U.S. gives Mass. waiver from No Child Left Behind

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President Barack Obama’s decision to free Massachusetts from some  requirements of the federal No Child Left Behind law was a vote of confidence  for a system the state designed to assess the performance of public schools, top  state education officials said Thursday.

Massachusetts on Thursday was among the first 10 states to be granted  waivers from the 2002 law, which set a goal of having all children proficient in  reading and math by 2014.

“This is really a case where perfect has become the enemy of good,” said  Mitchell Chester, commissioner of the state Department of Elementary and  Secondary Education.

Under the federal measuring stick for No Child Left Behind, known as  Adequate Yearly Progress, about 80 percent of Massachusetts schools and 90  percent of school districts were deemed as failing last year.

“That just flies in the face of common sense, and it is not useful at all,” Chester said. “It invites cynicism, and it doesn’t help us distinguish between  schools that are on the move and schools that are stuck.”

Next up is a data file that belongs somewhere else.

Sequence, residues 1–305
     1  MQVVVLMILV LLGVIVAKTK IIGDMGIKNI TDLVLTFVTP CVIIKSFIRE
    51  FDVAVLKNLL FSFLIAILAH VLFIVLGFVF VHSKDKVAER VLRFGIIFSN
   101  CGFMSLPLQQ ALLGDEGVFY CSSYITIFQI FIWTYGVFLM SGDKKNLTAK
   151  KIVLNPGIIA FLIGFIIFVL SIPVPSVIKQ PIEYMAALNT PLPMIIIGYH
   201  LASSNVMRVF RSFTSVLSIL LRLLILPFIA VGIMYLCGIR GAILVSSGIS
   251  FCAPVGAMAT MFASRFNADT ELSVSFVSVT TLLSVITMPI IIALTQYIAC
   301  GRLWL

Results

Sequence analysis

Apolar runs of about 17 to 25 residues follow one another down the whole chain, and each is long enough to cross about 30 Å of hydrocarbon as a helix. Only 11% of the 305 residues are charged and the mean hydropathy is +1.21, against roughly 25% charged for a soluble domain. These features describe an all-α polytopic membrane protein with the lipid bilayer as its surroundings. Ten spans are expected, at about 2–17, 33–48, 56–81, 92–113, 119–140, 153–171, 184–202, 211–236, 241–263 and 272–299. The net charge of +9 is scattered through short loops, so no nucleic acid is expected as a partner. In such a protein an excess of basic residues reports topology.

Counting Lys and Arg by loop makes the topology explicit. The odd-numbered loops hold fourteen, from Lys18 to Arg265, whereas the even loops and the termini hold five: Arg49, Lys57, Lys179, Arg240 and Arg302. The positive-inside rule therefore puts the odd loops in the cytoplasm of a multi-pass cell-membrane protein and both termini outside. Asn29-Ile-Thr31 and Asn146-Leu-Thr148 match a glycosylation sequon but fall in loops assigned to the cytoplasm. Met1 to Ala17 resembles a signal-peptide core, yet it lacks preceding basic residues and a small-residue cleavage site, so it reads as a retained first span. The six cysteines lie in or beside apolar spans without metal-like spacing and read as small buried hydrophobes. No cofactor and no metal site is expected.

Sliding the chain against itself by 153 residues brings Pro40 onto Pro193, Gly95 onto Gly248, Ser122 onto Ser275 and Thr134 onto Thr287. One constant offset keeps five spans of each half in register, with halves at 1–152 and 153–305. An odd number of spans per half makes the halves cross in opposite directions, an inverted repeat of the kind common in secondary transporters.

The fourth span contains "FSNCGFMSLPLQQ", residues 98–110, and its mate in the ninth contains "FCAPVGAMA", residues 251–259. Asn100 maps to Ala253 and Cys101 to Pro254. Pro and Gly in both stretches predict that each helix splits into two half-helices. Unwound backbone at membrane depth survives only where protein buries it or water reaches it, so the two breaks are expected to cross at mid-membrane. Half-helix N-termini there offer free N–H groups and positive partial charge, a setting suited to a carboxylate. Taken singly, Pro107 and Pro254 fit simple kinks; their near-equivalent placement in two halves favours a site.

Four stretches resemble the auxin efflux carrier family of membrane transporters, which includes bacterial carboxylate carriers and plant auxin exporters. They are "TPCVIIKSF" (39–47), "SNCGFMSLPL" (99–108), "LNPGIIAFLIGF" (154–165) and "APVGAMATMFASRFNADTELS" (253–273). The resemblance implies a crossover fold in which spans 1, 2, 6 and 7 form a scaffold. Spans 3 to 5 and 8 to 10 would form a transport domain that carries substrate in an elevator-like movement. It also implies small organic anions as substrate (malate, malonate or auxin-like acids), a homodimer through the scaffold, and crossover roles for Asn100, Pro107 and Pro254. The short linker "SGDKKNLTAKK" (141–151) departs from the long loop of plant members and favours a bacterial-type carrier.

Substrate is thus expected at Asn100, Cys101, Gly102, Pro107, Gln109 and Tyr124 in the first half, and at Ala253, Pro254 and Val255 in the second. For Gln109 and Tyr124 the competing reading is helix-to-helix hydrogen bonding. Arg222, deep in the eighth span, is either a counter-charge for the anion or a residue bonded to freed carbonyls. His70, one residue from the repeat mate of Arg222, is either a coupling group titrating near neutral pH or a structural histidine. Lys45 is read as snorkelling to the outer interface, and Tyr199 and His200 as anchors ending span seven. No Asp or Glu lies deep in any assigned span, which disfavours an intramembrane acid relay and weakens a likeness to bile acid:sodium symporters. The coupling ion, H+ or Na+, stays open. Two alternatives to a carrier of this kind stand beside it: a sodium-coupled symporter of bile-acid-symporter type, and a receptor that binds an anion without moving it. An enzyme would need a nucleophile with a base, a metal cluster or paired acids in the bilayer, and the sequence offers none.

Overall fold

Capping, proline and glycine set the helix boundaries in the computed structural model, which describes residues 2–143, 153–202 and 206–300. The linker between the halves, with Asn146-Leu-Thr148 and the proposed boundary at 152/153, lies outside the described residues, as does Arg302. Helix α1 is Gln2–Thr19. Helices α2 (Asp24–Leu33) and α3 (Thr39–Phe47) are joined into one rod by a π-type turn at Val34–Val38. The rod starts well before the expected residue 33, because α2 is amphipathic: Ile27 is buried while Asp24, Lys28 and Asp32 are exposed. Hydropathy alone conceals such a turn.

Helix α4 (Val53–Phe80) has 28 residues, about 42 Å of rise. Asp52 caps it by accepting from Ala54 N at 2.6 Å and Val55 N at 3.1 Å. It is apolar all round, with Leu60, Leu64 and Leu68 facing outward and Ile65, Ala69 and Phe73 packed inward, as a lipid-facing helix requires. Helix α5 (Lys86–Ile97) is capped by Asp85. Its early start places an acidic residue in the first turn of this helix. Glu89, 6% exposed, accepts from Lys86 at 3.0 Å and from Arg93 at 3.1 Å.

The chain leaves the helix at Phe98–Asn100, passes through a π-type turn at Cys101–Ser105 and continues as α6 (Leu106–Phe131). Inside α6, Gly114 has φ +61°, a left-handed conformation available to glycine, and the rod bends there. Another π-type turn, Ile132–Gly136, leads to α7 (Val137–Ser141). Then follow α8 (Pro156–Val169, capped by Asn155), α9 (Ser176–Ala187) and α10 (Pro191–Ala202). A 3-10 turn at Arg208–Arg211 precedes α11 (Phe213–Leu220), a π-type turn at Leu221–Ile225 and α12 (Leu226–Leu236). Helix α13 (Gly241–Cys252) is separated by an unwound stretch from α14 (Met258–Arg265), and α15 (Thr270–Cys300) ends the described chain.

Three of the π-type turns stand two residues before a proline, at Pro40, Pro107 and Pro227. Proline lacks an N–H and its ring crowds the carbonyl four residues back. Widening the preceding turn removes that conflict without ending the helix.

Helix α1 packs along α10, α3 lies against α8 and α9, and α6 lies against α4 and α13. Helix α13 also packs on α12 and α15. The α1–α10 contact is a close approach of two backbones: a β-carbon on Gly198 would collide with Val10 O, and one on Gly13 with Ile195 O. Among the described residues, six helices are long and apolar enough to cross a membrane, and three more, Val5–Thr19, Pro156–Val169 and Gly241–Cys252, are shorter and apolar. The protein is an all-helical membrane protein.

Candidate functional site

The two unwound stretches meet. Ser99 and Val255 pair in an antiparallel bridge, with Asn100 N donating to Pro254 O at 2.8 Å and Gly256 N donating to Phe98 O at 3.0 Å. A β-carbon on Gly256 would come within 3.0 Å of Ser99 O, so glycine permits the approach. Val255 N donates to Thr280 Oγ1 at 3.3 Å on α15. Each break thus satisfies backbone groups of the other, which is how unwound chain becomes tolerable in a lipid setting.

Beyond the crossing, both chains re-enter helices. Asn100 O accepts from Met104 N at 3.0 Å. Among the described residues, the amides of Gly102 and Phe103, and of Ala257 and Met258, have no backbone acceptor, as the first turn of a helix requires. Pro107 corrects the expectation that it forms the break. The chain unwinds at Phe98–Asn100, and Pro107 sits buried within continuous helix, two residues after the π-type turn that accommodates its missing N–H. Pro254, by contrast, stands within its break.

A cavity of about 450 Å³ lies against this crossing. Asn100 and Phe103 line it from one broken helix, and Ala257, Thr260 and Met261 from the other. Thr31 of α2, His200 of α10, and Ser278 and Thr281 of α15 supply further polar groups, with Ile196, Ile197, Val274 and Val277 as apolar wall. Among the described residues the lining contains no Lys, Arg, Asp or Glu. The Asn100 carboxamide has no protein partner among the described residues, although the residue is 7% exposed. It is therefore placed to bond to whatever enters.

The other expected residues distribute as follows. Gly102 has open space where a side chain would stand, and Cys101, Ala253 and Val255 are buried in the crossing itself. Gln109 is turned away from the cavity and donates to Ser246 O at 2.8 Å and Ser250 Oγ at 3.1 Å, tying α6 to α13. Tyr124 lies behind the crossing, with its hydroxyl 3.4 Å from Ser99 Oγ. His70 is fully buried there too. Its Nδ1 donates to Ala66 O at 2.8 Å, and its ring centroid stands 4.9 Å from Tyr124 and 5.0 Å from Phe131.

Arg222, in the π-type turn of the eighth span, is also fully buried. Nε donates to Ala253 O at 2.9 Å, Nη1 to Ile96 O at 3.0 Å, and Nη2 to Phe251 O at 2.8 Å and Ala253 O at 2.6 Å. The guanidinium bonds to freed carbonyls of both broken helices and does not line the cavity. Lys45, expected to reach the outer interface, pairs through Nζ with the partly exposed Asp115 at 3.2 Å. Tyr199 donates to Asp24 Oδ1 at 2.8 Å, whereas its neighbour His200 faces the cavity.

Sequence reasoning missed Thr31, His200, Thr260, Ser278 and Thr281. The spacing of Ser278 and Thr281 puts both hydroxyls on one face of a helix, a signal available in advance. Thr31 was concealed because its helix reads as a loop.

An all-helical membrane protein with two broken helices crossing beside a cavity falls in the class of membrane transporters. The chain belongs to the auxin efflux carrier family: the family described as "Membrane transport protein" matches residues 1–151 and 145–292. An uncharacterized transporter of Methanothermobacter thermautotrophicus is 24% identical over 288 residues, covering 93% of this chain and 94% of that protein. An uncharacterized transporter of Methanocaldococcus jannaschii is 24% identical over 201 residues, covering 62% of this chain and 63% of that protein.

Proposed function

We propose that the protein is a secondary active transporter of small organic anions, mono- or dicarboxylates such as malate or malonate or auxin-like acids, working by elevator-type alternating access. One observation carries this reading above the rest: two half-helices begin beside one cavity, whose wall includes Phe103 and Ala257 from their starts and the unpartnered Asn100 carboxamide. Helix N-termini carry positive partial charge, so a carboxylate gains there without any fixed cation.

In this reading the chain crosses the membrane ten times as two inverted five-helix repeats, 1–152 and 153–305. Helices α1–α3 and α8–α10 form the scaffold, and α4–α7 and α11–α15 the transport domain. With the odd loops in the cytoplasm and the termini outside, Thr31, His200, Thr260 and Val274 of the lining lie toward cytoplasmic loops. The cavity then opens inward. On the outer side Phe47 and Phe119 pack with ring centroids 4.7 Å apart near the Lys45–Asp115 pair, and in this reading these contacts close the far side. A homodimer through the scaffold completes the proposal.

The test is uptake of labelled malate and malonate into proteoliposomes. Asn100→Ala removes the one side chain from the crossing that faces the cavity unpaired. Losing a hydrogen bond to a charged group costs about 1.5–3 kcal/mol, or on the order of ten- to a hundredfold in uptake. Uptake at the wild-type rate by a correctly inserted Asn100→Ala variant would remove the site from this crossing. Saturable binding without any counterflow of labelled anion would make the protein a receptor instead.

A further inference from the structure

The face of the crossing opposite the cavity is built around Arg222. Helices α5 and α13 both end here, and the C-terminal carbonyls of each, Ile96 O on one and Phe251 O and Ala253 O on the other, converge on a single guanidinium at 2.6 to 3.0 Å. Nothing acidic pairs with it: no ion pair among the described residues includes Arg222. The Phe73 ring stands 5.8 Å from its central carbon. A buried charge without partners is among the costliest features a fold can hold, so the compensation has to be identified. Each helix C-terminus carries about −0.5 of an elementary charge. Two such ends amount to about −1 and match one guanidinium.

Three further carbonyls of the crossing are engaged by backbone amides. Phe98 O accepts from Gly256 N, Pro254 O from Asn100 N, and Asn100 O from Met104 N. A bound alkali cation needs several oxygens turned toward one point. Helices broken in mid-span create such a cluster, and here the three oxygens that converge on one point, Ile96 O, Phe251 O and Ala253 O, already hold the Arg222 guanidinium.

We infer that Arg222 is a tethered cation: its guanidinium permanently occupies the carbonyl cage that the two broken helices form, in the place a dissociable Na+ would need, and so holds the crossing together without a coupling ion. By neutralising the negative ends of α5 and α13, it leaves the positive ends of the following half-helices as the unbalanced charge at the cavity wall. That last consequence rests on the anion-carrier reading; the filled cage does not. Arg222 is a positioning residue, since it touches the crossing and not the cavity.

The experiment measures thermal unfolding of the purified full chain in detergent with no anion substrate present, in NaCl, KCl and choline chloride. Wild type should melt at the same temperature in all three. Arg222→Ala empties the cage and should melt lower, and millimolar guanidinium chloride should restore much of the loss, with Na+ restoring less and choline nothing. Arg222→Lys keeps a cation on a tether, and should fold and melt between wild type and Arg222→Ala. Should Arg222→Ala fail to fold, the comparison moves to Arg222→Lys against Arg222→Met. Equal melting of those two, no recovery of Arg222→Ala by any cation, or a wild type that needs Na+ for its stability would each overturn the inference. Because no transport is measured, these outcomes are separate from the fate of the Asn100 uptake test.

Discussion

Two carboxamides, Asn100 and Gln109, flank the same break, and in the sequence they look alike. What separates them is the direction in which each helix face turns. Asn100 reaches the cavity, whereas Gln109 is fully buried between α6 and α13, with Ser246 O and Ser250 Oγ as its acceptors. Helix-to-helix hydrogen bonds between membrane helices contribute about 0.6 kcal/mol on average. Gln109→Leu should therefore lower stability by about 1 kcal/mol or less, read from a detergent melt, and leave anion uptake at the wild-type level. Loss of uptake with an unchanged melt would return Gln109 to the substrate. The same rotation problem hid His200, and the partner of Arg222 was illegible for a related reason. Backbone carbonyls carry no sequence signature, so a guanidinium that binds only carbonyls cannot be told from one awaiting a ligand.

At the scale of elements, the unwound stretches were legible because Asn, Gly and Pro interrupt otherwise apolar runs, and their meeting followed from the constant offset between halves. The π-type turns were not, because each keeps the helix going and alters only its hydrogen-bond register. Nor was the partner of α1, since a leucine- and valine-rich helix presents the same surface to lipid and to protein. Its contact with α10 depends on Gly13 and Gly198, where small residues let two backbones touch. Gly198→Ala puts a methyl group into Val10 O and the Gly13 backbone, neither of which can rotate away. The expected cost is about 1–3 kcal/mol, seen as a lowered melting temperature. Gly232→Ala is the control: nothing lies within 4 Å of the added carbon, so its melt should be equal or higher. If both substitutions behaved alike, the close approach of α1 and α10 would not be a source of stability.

Massachusetts officials, in their application to the U.S. Department of  Education for a waiver, pointed to their five-tiered assessment plan for schools  and school districts, with level one being the strongest and level five the  weakest.

Chester said most schools place in the top two tiers. The state recently  took control of the public schools in Lawrence, a city about 25 miles north of  Boston, after it was deemed a level five underperforming district.

Democratic Gov. Deval Patrick’s education secretary, Paul Reville, said the  No Child Left Behind waivers show a realization that the 2002 law was “deeply  flawed.”

“It’s not that everything is bad,” Reville said. “There are some very strong  features, but (the law) needed reworking.”

The law, championed by the late U.S. Sen. Edward Kennedy, D-Mass., passed  Congress with bipartisan support and was signed by President George W. Bush, a  Republican. It has been up for renewal in Congress since 2007, but lawmakers  have been unable to agree on the fix.

Jim Stergios, executive director of the Pioneer Institute, a  conservative-leaning Boston-based think tank, said he worried the waivers signal  a sense of urgency in the nation about education accountability.

“2014 was supposed to be the year that no child was left behind,” he said. “Now it’s been moved, back and we don’t have a clear sense of when that hard  date … will be set. It could be five years out, 10 years out, but we have  actually let up a lot of the urgency.”

Stergios also was critical of the Department of Education for granting  waivers from the law without congressional authorization.

“Sending out waivers with conditions that have not been approved by  Congress,” he said, “is totally new and breaks a sense of trust with  Congress.”

Also seen in Telegram.com and The Herald News